All the central bankers—East and West—worry over a recession. Still, the lessons of the last great inflation of the 1970s and 1980s have convinced the Federal Reserve (Fed), the European Central Bank (ECB), and other Western bankers that they have little choice but to move toward monetary restraint.
China, however, faces a very different set of pressures. Confronted by much less intense inflationary pressure than the West and highly concerned about the nation’s poor economic prospects, the People’s Bank of China (PBOC) has cut interest rates, albeit only marginally, and otherwise eased monetary policy.
In the West, the Fed has made a major commitment. Since March, when the Fed finally awoke to the inflationary threat facing the nation, policymakers have raised the federal funds interest rate target from 1.5 percentage points to a level of 2.25-2.5 percent. The Fed’s Open Market Committee (FOMC) is expected to add another 0.75 percentage points to the target rate when it meets later this month.
The Bank of Canada has, if anything, surpassed the Fed. Since March, it has raised its target overnight lending rate five times for a total of 3 percentage points. These rates are higher now than at any time in the last 14 years.
More recently, the ECB has joined this trend. Reluctant to raise interest rates earlier in the year for fear of a recession, European policymakers have at last acknowledged the need for monetary restraint, raising their target short-term interest rate some 0.75 percentage points. Although their target of about 1.25 percent remains well below American rates, ECB policymakers have promised further hikes along these lines to catch up with their cousins in North America.
The ECB had to overcome a lot of concerns to step up to this new policy. Unlike North America, the economies in its jurisdiction are nowhere near full employment, and with energy shortages threatening, the prospect of economic decline is much more real than on this side of the Atlantic. But the growing interest rate differential had attracted money from Europe to America so that the euro fell 15 percent against the dollar, and policymakers could see an added inflationary potential in that move. They were also well aware that had they failed to take action against inflation, businesses and individuals would come to expect it and thereby make it ultimately harder to gain control.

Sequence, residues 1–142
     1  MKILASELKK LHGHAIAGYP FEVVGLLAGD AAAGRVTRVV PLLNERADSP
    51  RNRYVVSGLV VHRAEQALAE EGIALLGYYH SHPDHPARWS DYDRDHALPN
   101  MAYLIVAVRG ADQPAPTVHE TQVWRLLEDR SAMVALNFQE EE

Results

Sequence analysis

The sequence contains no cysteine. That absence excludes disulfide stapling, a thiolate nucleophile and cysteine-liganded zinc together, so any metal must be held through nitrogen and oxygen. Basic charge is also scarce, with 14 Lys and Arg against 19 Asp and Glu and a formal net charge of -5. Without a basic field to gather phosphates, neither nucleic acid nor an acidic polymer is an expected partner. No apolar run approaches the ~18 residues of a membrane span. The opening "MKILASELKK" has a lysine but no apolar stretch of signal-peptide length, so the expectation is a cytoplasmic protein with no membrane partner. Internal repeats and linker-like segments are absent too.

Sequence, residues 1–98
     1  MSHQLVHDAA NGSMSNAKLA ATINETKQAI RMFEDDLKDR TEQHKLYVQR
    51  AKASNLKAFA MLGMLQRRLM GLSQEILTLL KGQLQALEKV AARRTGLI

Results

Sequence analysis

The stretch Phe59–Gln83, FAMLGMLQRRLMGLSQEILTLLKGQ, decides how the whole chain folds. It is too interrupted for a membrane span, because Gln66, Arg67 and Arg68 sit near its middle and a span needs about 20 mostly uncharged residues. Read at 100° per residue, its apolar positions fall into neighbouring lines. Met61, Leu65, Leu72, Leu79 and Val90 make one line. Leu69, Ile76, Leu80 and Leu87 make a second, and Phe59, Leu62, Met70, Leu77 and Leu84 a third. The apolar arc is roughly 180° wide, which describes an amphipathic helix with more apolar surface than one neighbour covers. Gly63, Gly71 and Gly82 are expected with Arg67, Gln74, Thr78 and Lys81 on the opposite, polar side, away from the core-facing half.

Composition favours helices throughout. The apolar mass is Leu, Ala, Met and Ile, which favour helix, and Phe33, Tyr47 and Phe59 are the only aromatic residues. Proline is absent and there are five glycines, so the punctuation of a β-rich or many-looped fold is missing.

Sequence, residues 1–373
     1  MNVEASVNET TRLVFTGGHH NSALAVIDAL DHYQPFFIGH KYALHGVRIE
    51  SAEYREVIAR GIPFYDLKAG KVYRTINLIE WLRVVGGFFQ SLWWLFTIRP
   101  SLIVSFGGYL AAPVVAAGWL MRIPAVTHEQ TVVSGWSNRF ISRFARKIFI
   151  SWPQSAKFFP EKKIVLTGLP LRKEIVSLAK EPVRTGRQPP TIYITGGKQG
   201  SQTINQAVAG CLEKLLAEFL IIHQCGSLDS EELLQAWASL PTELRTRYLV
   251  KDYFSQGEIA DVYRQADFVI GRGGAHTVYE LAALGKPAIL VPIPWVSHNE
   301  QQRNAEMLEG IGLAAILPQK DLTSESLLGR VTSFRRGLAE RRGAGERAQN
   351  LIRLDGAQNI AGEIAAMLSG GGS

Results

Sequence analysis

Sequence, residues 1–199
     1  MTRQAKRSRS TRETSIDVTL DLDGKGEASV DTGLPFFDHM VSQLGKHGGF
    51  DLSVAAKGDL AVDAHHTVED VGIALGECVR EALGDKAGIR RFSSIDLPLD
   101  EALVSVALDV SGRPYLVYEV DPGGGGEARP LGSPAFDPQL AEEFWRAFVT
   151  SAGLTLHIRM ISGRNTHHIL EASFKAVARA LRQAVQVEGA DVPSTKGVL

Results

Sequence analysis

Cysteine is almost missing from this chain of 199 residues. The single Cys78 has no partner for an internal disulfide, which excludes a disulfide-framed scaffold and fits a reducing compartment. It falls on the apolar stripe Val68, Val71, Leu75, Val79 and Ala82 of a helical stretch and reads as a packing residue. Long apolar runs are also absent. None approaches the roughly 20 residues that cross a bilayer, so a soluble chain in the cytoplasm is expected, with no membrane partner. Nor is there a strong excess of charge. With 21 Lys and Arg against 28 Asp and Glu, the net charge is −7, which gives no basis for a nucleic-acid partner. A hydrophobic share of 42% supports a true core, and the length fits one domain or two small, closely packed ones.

China has had to steer a very different course. In one respect, its bankers are under a lot less pressure to act than the Western economies. Its inflation, to be sure, has risen—from 0.9 percent last February to 2.7 percent in July, the most recent period for which data are available. Despite the rise, this is a lot less frightening than the 8-9 percent rates of inflation in the West. Besides, it is not much above the 2.3 percent a year averaged by Chinese inflation over the last 20 years and is still below Beijing’s official 3.0 percent ceiling.
More telling to policymakers, however, are the real economic impediments facing China. The lockdowns and quarantines used to combat COVID-19 have already put Chinese growth below target, and some of those constraints remain in place. China also faces the effects of drought, a heat wave, power shortages, and the lingering effects of last year’s failures in the property development sector. China might well face a recession and surely will miss its already-reduced real growth target of 5.5 percent.
Accordingly, China’s central bank, the PBOC, has leaned toward interest rate cuts and other ways to ease monetary policy. The first cuts occurred in late 2021 when policy reduced the prime short-term lending rate from 3.85 percent to 3.8 percent, and then last January brought the rate down to 3.7 percent. Regulators cut the rate again in late August to 3.65 percent. These look like marginal changes, but they have an effect in China. And these rate cuts are not all. The PBOC also cut the five-year lending rate—probably more significant to business lending—from 4.65 percent late last year to 4.45 percent in May and then, just a week before the August cut in the short-term rate, cut this five-year rate again to 4.3 percent.
This East-West divergence will probably persist for some time to come. Even with extraordinary good luck, Europe and North America will face enough inflationary pressure to keep interest rates higher than they otherwise might and likely force still more rate hikes, at least to the level of inflation. That pressure will persist even if there is a recession. In contrast, China, facing huge growth impediments as it does, will likely loosen its monetary reins even more than it has and more actively as the full extent of China’s economic troubles becomes evident.
Views expressed in this article are the opinions of the author and do not necessarily reflect the views of The Epoch Times.